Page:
Shoppers remain cautious in May

Customers queue as Apple launch the iPad in the UK. (Image: Dan Kitwood/Getty)

Synovate reports continued year-on-year decline in footfall and sales.

Synovate’s Retail Traffic Index (RTI) revealed that footfall into non-food outlets fell again by 3.7 percent year-on-year in May and two percent from April.

Whilst footfall was stronger on the two May bank holiday weekends, neither fell entirely within the months reporting period of May 2 – 29.

Figures for footfall over the May holiday weekend from May 1 – 3 were also down by 0.5 percent. But over the Spring Bank Holiday weekend, shopper numbers were 5.4 percent higher than over the corresponding holiday weekend last year, which fell a week earlier.

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Synovate UK Retail Performance director Dr Tim Denison said: “May’s figures look pretty disappointing overall, particularly as May 2009 was a very weak month for retail footfall. They are hardly welcoming to the new Government and certainly reinforce the scale of the challenges ahead.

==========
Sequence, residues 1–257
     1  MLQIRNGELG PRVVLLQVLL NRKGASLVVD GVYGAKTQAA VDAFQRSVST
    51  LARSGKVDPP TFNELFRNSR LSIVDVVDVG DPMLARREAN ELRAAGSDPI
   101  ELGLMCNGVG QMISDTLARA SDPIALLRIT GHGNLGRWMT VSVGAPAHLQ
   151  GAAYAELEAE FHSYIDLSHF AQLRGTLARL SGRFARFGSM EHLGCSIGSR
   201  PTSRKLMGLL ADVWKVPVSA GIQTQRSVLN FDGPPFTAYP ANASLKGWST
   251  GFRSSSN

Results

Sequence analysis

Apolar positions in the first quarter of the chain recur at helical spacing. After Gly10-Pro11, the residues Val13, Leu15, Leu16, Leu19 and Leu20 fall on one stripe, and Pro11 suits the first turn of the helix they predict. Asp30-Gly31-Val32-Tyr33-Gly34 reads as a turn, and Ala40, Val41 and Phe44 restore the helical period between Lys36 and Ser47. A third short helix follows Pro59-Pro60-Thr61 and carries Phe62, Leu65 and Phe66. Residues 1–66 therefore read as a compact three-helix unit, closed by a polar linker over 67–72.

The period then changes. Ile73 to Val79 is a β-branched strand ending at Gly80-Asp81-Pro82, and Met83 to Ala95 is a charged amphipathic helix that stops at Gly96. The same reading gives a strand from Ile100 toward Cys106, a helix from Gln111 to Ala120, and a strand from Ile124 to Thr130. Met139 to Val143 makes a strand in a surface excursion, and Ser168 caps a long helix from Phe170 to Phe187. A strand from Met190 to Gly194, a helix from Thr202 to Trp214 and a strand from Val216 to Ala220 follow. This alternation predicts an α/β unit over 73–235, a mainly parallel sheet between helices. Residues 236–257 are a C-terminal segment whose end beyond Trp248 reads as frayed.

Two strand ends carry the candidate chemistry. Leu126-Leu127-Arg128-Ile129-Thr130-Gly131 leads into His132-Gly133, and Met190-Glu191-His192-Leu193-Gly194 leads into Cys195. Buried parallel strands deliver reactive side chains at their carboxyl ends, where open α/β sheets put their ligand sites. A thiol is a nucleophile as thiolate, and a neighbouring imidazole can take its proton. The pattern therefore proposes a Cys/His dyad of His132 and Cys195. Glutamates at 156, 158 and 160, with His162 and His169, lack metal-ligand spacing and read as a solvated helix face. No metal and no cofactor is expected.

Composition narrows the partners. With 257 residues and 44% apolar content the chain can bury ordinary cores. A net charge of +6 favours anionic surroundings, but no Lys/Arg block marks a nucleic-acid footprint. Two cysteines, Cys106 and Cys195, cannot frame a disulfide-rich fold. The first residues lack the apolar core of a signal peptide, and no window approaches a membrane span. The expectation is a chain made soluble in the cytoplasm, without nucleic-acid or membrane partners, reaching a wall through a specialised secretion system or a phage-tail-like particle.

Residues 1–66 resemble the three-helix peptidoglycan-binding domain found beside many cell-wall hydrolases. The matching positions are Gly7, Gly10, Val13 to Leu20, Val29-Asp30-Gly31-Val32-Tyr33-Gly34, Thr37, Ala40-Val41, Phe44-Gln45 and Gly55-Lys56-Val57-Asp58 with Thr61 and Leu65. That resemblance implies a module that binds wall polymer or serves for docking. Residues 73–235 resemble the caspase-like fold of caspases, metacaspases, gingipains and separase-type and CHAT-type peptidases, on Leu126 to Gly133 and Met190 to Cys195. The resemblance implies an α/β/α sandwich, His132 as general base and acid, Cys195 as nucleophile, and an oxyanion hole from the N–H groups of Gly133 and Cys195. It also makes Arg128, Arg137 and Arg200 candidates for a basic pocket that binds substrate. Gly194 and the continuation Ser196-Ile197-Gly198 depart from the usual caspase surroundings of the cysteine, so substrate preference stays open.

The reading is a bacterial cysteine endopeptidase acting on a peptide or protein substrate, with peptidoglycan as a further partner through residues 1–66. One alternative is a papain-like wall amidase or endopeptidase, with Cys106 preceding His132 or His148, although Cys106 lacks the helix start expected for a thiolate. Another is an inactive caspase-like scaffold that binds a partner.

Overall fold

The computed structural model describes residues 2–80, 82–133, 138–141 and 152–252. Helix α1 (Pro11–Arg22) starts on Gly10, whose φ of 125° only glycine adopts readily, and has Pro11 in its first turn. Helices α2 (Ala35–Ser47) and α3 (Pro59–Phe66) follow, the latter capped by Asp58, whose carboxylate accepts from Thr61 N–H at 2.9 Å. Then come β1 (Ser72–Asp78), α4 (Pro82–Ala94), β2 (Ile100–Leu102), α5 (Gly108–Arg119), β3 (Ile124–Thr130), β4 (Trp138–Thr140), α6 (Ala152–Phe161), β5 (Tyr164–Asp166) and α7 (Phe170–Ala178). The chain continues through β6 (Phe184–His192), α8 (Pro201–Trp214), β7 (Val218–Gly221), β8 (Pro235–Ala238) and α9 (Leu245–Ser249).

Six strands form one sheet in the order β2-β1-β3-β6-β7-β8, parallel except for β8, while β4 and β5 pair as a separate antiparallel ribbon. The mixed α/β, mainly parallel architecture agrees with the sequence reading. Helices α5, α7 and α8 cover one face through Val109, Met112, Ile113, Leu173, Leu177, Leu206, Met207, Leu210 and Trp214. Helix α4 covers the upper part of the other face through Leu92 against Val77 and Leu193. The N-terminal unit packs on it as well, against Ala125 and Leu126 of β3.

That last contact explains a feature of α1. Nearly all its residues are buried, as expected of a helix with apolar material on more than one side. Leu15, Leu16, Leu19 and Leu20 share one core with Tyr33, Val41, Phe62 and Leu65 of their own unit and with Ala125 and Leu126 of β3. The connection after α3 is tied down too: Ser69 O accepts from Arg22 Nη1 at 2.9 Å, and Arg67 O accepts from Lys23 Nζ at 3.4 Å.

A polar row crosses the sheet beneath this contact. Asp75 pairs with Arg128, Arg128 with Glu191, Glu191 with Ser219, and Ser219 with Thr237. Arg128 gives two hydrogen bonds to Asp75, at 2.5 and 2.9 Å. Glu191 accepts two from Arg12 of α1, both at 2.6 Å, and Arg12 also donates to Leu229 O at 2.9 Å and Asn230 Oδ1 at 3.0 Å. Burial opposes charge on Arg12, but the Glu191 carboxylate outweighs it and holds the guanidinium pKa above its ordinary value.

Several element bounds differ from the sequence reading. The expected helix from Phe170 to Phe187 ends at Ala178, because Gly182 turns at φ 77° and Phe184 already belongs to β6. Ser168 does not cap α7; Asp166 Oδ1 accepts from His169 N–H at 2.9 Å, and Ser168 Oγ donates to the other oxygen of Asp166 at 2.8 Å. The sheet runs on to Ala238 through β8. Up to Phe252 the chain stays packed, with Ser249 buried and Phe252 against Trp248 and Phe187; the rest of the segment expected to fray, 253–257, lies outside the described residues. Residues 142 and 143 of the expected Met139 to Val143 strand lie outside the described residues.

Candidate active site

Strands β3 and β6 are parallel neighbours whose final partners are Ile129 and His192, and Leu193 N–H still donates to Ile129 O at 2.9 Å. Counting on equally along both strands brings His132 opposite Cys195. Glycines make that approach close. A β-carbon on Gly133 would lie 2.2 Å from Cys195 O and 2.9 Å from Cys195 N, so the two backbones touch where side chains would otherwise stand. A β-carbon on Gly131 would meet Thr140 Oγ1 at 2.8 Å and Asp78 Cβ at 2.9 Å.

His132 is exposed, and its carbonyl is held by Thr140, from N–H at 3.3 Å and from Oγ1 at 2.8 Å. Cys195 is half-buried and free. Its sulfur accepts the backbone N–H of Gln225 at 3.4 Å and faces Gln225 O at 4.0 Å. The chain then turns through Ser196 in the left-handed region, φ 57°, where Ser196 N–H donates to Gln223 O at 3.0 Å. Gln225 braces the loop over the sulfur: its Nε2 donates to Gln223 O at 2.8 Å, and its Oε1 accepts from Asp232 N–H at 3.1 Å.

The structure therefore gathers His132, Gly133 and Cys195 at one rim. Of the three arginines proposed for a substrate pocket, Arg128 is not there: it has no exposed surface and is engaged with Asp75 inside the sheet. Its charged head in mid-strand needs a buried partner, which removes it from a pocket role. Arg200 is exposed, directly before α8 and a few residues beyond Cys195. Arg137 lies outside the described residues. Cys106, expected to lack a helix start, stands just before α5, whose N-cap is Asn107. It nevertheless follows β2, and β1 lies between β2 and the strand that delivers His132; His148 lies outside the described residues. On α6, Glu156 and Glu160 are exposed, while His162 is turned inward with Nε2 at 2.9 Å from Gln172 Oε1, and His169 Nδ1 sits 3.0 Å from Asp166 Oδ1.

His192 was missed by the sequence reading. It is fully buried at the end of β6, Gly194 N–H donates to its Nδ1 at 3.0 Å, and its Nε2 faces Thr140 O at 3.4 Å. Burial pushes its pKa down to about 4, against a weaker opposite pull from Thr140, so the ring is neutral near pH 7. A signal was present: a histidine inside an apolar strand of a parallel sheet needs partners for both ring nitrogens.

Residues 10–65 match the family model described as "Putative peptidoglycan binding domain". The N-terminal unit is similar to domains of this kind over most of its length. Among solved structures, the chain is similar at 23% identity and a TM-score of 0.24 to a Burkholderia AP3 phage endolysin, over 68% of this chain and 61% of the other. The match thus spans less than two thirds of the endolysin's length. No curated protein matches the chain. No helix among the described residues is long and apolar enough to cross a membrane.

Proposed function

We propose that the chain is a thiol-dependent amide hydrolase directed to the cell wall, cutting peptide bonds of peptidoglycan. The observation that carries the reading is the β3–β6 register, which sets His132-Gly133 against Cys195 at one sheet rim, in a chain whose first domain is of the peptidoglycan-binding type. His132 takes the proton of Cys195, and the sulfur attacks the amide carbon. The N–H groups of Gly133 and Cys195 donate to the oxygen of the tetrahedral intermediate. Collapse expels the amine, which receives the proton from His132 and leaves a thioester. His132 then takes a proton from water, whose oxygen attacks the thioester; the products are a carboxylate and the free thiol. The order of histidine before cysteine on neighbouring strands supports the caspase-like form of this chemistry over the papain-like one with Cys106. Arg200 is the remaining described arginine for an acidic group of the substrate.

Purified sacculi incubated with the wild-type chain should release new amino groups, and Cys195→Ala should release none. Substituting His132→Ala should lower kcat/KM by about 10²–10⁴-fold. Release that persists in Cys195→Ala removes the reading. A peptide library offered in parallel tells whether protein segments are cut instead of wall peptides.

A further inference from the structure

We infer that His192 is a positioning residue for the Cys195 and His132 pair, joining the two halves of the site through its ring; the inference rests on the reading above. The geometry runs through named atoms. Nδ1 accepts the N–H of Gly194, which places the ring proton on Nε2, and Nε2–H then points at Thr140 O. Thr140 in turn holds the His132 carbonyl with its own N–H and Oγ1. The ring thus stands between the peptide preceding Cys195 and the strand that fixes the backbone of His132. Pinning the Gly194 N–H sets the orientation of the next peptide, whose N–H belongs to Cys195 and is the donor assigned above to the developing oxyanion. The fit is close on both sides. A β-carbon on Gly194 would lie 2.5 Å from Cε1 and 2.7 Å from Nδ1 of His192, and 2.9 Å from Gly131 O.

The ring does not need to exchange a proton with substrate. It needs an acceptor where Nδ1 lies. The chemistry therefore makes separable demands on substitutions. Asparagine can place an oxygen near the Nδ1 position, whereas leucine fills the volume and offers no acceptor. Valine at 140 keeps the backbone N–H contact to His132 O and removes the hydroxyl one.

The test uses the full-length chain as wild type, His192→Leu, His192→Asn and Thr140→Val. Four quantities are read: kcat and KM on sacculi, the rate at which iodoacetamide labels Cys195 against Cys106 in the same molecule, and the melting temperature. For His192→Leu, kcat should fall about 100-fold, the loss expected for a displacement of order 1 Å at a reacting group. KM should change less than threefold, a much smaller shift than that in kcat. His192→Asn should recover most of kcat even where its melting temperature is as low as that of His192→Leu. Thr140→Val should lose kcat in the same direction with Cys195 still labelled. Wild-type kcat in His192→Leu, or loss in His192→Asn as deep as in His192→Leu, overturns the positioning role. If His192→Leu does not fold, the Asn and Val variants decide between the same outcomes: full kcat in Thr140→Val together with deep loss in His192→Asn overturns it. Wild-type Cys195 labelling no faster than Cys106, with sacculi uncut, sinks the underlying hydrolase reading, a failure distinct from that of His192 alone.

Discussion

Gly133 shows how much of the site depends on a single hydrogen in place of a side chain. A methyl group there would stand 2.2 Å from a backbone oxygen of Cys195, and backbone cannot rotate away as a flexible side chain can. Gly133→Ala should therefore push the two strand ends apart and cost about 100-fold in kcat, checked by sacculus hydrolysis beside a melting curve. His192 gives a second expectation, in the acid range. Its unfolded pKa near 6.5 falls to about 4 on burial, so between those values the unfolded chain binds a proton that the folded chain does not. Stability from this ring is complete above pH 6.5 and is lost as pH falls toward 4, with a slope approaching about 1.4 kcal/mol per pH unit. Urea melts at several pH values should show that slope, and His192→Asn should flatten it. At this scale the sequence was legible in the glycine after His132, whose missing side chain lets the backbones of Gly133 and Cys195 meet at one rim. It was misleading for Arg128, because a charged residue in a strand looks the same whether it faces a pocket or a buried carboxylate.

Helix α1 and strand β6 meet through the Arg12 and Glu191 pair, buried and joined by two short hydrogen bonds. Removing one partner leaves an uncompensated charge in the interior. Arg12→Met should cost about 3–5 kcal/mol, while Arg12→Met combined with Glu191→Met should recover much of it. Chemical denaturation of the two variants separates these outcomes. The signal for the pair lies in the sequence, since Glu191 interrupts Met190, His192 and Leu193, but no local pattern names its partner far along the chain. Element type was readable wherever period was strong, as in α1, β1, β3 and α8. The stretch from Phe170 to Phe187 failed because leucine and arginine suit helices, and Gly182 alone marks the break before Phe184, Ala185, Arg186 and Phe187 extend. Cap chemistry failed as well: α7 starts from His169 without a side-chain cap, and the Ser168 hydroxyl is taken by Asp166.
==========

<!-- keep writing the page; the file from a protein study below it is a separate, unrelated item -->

“Shoppers continue to go about their business in a cautious vein. The crowds seen at last week’s UK launch of the iPad and the opening of the Louis Vuitton maison in New Bond Street, though, together with recent trading results, most noticeably Burberry’s, are testament to the fact that people’s appetite to shop has not entirely waned.

Denison said a rise in VAT before the Autumn is highly likely, which by causing a short-term pressure on inflation could create further challenges for retailers. The Synovate director also claimed recently published results from the Distributive Trade Survey suggest that retailers are becoming increasingly conservative in their procurement plans moving into Q3.

“What we have established since the last quarter of 2008 is that the majority of multiple retailers have learnt how to manage their businesses in a period of prolonged downturn and recession. They are also aware that the impact on the consumer has not been particularly hard felt to date, but as the impending cuts start to bite, there is no room for complacency, or to take the pressure off process changes, efficiency gains and customer scrutiny,” Denison concluded.

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